SnowdropExplodes Actually, the most successful pirate in the entire world was a woman. Since she was Chinese, however, most westerners don’t even know she existed. Ching Shih started life sold to a brothel by her father, was later kidnapped by raiding pirates. Not a start that for most people would result in little more than being raped and then sold back into sexual slavery.

    Ching, however, got into the good graces of the pirate leader, married him, and when he died took over. She eventually wound up in command of a fleet of over 1,500 ships and was considered to be a significant threat to the fracking British Navy, which in cooperation with the Chinese government negotiated with her because it was thought that it might be too risky to fight her.

    She got a massive cash settlement, a commission in the Chinese navy for her current lover, and amnesty for her crews. She died peacefully years later, wealthy and apparently quite happy. Now *that’s* a successful pirate.

  27. Nicole says:

    Last Halloween my friend Liz and I dressed up as Alice and the Queen of Hearts. I was the latter. I am kind of small so I got the 13-16 year old version of the costume. It was not the most modest of costumes with a skirt to my knees and a a top held up by a choker. I ran into another friend who by coincidence was dressed as the same thing but the adult version and it was much sexier. Sexier then I thought a Queen of Hearts costume could be.

  28. Suzanne M says:

    Among my friends I have a very close-knit group that consists of 5 women and (at present) 2 men. We women hope at some point to dress up as the Bennet sisters from Pride & Prejudice, and maybe wrangle the 2 men into dressing as Bingley and Darcy. Or maybe one of them can be Wickham, depending upon which woman is which sister. Unfortunately, we’re scattered into several different states, so I don’t know when we’ll get the opportunity, but it’s such a good plan that we’d hate to never try it.

    We’re still trying to figure out what to do this year, since it’ll just be 3 women and 1 man. And it probably won’t actually be Halloween when we’re together, but that’s never stopped us before. We do so love dressing in themed costumes, though if we don’t come up with something soon, that may not happen this year.

  29. zingerella says:

    I decided to avoid any cultural difficulties this year, and any problems with any sort of versimiltude or authenticity, and created a superhero for myself to be. This way, I don’t have to deal with gendered superhero costumes (or capes. No capes!), don’t have to worry about cultural appropriation (my superhero has a very WASP background, which is fitting, because that’s my own background), and can wear glasses.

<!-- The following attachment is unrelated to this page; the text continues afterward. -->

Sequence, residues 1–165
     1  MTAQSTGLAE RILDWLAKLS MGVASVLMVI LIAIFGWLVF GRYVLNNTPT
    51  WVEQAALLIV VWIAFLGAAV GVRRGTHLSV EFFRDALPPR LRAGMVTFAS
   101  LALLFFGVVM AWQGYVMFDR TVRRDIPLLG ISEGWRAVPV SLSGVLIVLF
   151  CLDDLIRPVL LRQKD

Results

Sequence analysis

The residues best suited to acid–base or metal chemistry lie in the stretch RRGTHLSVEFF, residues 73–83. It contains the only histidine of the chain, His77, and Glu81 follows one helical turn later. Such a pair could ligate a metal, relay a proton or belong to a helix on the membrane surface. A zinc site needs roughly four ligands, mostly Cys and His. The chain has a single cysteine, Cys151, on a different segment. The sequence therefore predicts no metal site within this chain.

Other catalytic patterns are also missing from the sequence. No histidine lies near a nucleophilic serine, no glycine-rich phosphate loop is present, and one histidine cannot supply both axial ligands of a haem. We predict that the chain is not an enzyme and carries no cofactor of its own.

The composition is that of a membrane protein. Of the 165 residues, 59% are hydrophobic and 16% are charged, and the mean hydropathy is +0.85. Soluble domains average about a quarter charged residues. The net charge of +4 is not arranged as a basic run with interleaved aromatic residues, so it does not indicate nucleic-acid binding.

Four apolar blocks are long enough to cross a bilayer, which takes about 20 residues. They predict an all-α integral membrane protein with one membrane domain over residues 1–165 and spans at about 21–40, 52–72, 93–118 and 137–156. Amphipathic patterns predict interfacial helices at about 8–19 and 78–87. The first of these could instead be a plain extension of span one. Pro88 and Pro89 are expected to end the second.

I highly recommend inventing your own superhero. Then nobody can tell you you’re doin’ it rong.

  30. ACG says:

    Sitting out in front of one of my favorite bars last year at Halloween, I found myself making mental note of all of the couples that passed: Pimp and ho. Luke and Leia (bronze-bikini-clad). Priest and sexy nun. Doctor and sexy nurse. Baseball player and sexy referee. Referee and sexy baseball player. Needless to say, it was never the guy in the microshorts, stilettos, and striped shirt.

    I’m proud to say that my group was a little more creative. One friend was Rosie the Riveter, and another (female) was Tiger Woods, with her boyfriend as her caddy. On the other hand, my brother went as a gynecologist and kept offering women free breast exams, which I guess balances it all out, misogyny-wise.

    This year, I had every intention of finding a way to go as Sexy Pope Benedict, but my guy wants to dress as a couple. We’re thinking Wall-E and Eve.

  31. LC says:

    sotonohito: Thank you for bringing up Ching Shih! No one ever remembers her.

    I am surprised Grace O’Malley hasn’t come up yet, since we are talking pirates.

  32. Rebecca (liberal!Rebecca) says:

    I always put together my own costumes – I don’t find it any fun to just buy them. In the past few years I’ve been a film noir-type spy, Goldberry (from Tolkien), a colonial-era man (I had a tricorne and I really wanted to wear it, and I like drag), Bloody Mary, and a random dead lady from the works of Edgar Allan Poe.

    I’m thinking of being a ghost pirate this year. I could wear my tricorne again, and I had a lot of fun with the full whiteface for the Poe costume last year.

  33. cathy says:

    I did vampire frog when I was about seven. Apparantly I thought that amphibians were awesome and vampires were awesome, so why not combine the two?

  34. raija says:

    This year I’m going as the Joker wearing a candystriper uniform, as inspired by “The Dark Knight”. It’s gruesome, it’s sexy, and it’s drag! (albeit of the “woman pretending to be a man pretending to be a woman” variety)